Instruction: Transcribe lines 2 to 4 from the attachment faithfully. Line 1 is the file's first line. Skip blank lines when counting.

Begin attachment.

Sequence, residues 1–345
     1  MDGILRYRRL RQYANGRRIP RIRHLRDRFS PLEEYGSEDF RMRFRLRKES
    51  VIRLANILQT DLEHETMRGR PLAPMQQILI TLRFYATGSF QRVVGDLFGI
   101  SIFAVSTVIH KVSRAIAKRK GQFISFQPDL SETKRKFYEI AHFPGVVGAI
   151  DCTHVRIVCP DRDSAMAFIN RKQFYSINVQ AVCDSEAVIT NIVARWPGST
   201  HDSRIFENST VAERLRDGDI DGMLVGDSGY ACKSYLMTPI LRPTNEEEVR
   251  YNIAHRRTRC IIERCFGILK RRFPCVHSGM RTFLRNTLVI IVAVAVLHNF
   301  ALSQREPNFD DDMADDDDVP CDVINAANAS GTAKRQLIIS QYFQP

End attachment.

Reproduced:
     1  MDGILRYRRL RQYANGRRIP RIRHLRDRFS PLEEYGSEDF RMRFRLRKES
    51  VIRLANILQT DLEHETMRGR PLAPMQQILI TLRFYATGSF QRVVGDLFGI
   101  SIFAVSTVIH KVSRAIAKRK GQFISFQPDL SETKRKFYEI AHFPGVVGAI